June 18, 2013
Justice for all
Order! The election year has started. March 1 is always the day ordinary sessions open in Congress. The political year is now in full swing. President Christina Fernández de Kirchner addressed Congress on Friday. But Congress had been working already this year.
Fernández de Kirchner had called extraordinary sessions in February for Congress to debate the memorandum of understanding signed with Iran to jointly investigate the 1994 bombing of the AMIA Jewish centre in Buenos Aires that killed 85 people. The Lower House of Congress approved the agreement with Iran (critics call it a “pact”) 131-113 before dawn on Thursday, after a long debate.
The electricity of that debate was still in the air when the President spoke in the same chamber to the gathered bicameral assembly on Friday.
Congress was busy already even the doors for ordinary business were flung open. Lower House committees, controlled by the ruling Victory Front, had cleared the Iran treaty bill for debate after a foul-tempered gathering attended by Foreign Minister Héctor Timerman on Tuesday.
The agreement with Iran had been approved by the Senate 39-31 on February 21. The extraordinary sessions to debate the deal with Iran come in what is likely to be an extraordinary election year.
Friday’s opening of ordinary sessions came with much pomp. A crowd of pro-government activists rallied outside. Before the President spoke a young violinist played the national anthem. The young man, government officials said, had at one point written to the late president Néstor Kirchner asking for a violin to practice. Kirchner sent the lad his violin. Now here was the boy skillfully executing the national anthem. After that scene charged with Kirchnerite symbolism, the President got down to the business of announcing what she expects for Congress this year.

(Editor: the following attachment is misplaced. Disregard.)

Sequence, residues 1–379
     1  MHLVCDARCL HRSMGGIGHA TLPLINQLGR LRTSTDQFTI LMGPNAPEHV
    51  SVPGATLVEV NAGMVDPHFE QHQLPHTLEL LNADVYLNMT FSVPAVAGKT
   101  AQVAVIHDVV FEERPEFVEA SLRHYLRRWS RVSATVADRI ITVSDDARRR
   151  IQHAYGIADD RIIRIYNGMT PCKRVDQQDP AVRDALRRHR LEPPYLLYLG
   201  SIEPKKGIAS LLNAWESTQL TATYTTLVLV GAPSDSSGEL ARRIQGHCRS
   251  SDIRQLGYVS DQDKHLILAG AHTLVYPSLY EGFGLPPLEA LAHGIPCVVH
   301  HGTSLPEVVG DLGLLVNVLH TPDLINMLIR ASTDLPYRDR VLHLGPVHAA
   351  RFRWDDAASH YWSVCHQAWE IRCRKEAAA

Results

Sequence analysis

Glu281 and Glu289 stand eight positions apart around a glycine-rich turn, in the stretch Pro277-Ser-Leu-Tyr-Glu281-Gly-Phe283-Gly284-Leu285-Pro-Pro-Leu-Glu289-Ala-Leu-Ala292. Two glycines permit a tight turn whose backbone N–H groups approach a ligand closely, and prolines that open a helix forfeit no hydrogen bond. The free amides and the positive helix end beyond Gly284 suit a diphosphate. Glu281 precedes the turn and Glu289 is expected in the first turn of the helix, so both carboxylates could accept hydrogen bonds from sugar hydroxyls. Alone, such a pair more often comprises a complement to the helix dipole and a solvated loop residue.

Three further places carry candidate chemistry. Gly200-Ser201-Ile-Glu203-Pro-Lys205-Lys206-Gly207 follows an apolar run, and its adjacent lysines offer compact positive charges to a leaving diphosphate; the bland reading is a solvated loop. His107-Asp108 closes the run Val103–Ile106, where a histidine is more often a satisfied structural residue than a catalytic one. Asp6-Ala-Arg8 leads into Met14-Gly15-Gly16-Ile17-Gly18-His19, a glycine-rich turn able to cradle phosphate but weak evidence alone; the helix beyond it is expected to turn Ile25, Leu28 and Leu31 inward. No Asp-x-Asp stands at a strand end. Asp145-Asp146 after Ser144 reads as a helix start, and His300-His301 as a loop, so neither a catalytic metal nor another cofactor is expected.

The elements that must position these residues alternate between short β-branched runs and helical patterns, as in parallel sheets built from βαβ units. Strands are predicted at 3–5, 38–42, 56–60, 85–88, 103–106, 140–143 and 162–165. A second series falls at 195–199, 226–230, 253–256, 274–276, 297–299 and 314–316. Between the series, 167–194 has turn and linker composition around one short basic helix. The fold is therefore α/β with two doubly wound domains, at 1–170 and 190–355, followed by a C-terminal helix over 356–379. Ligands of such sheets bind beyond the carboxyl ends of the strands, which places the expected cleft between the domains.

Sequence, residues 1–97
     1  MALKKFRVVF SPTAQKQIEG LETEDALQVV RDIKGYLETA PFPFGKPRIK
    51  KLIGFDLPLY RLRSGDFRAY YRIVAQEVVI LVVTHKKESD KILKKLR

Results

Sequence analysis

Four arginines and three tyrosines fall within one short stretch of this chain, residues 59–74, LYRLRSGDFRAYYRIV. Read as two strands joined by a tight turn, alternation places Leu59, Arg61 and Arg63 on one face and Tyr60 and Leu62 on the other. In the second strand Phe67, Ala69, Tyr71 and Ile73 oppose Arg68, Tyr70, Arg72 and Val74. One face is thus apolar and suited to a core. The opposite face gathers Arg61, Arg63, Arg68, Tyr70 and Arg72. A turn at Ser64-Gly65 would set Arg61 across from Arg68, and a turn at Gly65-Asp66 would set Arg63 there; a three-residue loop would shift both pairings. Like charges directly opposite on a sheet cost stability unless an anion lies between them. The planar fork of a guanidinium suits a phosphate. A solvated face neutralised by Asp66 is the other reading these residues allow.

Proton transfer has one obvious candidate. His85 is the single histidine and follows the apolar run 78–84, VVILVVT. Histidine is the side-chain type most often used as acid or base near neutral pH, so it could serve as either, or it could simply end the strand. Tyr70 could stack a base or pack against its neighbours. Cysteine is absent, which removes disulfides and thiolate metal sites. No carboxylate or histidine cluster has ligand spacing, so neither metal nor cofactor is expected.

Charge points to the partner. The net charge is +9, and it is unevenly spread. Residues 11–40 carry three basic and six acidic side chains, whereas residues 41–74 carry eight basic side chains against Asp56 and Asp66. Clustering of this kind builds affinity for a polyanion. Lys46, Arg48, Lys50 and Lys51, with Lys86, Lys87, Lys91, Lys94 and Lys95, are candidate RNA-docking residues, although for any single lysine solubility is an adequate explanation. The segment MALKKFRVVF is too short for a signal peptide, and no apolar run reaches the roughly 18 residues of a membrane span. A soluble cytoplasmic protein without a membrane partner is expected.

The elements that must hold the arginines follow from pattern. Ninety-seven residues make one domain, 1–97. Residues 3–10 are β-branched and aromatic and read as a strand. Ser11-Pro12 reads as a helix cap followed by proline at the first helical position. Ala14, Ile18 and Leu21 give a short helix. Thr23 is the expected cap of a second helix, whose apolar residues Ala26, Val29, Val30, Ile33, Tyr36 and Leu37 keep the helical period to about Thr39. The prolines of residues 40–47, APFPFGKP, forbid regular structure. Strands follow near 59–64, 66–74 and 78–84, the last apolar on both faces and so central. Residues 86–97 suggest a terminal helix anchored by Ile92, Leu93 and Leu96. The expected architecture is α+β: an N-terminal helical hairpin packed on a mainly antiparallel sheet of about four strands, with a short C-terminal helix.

The memorandum of understanding with Iran, to call it by its full name, has been condemned by the Jewish community leaders of the DAIA association and AMIA. Many who lost loved ones in the attack have also condemned it, telling lawmakers that it is a ploy by the Argentine state to skirt responsibility and bring the investigation to a full stop. But some relatives of the AMIA attack victims have also spoken out in favour of the agreement, which will have Argentine and Iran officials questioning Iranian suspects in Tehran. One such relative told that Lower House hearing on Tuesday that he believed the accord could be a “light at the end of the tunnel.”
The accord with Iran was still on the President’s menu when she delivered her state-of-the-nation speech on Friday. Given the criticism, the President could have avoided any reference to the issue. Instead, she staunchly defended the agreement saying that it opened the chance for progress to be made in the case after so many years. Most of the week had been dominated by the Iran debate in the Lower House.
Tuesday’s hearing ahead of the floor session the next day was heated. Laura Alonso, a lawmaker for the centre-right party PRO, at one point on Tuesday jumped to her feet with a look of fury on her face and started shouting abuse at the Kirchnerite lawmaker Andrés Larroque, accusing him of calling her a “tramp.” Timerman also blew his top when Federico Pinedo, another PRO lawmaker, implied that the accord was signed on International Holocaust Remembrance Day at the demand of Iran.